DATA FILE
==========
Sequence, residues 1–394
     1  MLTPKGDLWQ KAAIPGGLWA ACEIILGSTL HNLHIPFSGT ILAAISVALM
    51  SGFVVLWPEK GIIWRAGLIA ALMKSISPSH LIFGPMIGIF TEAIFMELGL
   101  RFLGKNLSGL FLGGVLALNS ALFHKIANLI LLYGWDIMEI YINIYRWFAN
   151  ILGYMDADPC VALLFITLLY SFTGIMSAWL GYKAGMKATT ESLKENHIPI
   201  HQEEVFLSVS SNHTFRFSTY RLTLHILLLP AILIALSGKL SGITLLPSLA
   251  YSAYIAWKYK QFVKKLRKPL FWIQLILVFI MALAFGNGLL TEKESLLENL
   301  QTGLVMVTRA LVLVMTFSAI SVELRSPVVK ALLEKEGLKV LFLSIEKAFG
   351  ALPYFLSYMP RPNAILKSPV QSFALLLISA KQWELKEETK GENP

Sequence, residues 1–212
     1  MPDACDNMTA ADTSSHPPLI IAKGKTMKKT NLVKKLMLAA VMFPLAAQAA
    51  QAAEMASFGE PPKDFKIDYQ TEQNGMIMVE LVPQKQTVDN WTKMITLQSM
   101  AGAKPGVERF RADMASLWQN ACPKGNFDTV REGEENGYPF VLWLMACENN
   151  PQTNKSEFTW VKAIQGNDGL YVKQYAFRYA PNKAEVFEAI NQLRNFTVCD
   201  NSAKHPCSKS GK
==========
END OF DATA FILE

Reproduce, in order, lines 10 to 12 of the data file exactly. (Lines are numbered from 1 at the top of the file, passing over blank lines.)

Sequence, residues 1–212
     1  MPDACDNMTA ADTSSHPPLI IAKGKTMKKT NLVKKLMLAA VMFPLAAQAA
    51  QAAEMASFGE PPKDFKIDYQ TEQNGMIMVE LVPQKQTVDN WTKMITLQSM